My mental storm is subsiding too. That doesn’t mean there won’t be more storms. This will happen again. I mean, I’m in a boat, and storms will come my way out here. But Jesus can calm all of them.

You, Jesus, have the power to calm raging waters and keep me from drowning. This thing that has my stomach in knots has no power over you, Jesus. None. When the winds start blowing again, you’ll calm those waves of fear. I can trust in you. And now that I feel this storm settling, Lord, as I feel your safe arms around me, I see that the fear was unnecessary. You keep me safe. You always do.

When I read in Psalm 16:6 that “the boundary lines have fallen for me in pleasant places,” I’m reminded that here within God’s boundary lines—in the places that God has given me and you, that He has planned for us—the life He promises us is pleasant. His grace is lavish.

I don’t ever want to jump out of the boat into the storm without you, God. Here with you? It’s delightful.

So I will do as King David did as he wrote this song to you, God:

“I keep my eyes always on the LORD. With him at my right hand, I will not be shaken” (v. 8).

I feel this, Father. I feel you here beside me. You guard all that is mine (v. 5). I won’t be shaken. Because I have you to keep me safe. Because you keep me strong.

Therefore my heart is glad and my tongue rejoices; my body also will rest secure. (v. 9)

The thing that happens—that makes me anxious—isn’t the real issue here. It’s how I handle it. Actually I completely freak out, and our good and gracious God gives me a way out of the fear and into peace.

He offers this to you too. God can be your portion and your cup. He wants to put you in pleasant places. Even if you don’t know Him or trust Him, Jesus offers this to you. Will you accept? He wants to calm your storms and keep you secure. He has the power to quiet a squall— both the kind that rages on the surface of a sea and the kind that wreaks havoc on our hearts. Even when the cold, salty waves sting our eyes and the tossing boat knocks us off our feet, Jesus says to whatever is attacking us, “Be still!”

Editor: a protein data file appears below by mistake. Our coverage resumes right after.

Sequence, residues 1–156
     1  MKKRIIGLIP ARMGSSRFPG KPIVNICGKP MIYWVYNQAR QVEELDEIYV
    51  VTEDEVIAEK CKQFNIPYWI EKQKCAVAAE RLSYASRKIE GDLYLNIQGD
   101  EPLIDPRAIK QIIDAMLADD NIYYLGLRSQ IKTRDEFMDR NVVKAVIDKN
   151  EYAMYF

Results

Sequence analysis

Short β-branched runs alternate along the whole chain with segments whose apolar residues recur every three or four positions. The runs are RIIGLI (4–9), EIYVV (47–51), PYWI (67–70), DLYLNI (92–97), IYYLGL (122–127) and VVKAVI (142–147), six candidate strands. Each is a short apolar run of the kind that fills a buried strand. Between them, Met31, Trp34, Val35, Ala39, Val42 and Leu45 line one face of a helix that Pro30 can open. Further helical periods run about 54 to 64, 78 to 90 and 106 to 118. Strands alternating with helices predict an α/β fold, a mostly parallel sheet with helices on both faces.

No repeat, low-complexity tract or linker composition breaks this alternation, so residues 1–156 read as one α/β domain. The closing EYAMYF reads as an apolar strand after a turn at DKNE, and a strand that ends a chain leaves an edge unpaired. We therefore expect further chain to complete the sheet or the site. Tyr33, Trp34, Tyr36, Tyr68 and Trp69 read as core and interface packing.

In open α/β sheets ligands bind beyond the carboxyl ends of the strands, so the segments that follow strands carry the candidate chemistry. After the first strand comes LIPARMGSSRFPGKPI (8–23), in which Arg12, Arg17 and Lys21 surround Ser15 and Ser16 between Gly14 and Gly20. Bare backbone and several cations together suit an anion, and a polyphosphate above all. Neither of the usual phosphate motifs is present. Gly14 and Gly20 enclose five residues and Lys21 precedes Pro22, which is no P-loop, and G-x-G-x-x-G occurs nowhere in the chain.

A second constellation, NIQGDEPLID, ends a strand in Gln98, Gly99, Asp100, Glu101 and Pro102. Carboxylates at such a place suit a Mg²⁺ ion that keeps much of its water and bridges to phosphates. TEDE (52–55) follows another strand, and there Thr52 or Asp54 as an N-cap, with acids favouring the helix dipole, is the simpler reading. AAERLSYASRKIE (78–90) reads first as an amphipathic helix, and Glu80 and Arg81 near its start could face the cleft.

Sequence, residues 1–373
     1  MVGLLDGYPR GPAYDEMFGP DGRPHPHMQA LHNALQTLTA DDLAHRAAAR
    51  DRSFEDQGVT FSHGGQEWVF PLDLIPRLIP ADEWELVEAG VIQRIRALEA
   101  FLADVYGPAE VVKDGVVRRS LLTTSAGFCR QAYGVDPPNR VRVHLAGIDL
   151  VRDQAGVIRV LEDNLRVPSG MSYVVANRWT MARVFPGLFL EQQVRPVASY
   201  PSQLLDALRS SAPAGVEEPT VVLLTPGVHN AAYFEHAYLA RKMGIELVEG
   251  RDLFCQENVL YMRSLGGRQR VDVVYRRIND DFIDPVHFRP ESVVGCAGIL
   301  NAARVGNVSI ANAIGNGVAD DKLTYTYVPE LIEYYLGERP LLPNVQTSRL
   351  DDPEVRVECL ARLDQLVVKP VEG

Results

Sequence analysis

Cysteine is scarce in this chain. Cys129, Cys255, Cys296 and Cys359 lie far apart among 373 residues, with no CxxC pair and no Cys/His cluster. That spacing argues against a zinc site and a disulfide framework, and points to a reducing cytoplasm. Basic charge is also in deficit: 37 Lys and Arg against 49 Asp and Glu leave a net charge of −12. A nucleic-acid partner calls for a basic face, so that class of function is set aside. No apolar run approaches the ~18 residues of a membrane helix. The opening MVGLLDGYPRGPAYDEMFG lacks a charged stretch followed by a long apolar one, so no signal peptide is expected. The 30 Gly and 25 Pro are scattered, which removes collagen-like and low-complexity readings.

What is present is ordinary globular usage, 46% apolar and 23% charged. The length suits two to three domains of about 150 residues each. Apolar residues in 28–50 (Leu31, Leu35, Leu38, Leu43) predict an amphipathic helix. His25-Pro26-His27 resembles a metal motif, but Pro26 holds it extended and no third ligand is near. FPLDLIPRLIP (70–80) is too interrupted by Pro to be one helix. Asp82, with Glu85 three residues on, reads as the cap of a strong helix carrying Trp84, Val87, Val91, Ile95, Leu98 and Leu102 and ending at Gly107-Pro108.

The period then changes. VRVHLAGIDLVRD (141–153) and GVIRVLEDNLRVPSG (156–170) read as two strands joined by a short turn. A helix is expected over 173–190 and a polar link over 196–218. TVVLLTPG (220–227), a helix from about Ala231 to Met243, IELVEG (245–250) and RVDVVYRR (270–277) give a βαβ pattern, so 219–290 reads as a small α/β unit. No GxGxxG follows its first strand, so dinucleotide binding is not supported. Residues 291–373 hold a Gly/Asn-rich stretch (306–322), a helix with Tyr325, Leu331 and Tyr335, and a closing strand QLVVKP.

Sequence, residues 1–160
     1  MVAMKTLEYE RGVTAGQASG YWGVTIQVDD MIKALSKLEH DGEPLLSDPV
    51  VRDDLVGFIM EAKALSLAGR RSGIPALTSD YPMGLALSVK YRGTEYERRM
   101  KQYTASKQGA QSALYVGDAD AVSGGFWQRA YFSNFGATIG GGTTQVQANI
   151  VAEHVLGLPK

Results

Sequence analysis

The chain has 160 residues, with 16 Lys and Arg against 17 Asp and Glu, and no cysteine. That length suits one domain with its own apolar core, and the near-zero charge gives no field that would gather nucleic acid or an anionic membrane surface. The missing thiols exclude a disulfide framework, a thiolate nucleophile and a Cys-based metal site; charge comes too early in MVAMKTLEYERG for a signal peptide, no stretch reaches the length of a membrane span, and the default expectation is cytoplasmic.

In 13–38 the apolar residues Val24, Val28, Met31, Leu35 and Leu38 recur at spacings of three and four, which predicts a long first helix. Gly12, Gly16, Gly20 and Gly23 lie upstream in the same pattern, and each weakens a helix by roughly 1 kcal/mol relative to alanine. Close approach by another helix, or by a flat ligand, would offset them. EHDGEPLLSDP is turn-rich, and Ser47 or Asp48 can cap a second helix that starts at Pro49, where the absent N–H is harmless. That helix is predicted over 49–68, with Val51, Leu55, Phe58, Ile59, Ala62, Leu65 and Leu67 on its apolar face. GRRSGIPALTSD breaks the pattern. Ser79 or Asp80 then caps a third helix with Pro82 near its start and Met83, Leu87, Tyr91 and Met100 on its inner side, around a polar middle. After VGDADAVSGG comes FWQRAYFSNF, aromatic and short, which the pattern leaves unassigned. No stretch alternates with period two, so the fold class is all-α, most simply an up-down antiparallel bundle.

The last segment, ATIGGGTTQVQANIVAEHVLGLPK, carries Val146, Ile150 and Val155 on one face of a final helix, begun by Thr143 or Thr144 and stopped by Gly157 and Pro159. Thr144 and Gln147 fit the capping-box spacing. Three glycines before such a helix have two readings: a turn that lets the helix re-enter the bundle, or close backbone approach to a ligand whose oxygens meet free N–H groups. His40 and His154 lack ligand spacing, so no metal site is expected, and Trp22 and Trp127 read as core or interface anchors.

And if we look at Him, the One whose love never ends, then we can regain our footing, see more clearly, and breathe in and out again without fear of gulping mouthfuls of briny water. We can find the peace and strength in Jesus that we need to continue.

I don’t know what your storms are, which things cause your thoughts to spiral, your palms to sweat, your heart to beat too fast, your instincts to either lash out or retreat. But I do know whatever they are and whenever they happen, our faithful, loving God can keep you safe. All you have to do is call out His name—Jesus.

This article is an excerpt of Restore My Soul: The Power and Promise of 30 Psalms used with permission
from Our Daily Bread Publishing. © 2022 by Laura L. Smith All rights reserved.

Laura Smith is a popular Bible teacher and best-selling author who has written books for adults, teens, pre-teens and kids, including Restore My Soul: The Power and Promise of 30 Psalms and How Sweet the Sound: The Power and Promise of 30 Beloved Hymns. A fan of coffee, chocolate, music, books and travel, Smith lives in the picturesque college town of Oxford, Ohio, with her husband and four kids. There, you’ll find her running the wooded trails, strolling the brick streets, teaching Bible study, shopping at the Saturday morning farmer’s market, or going on a sunset walk with her family.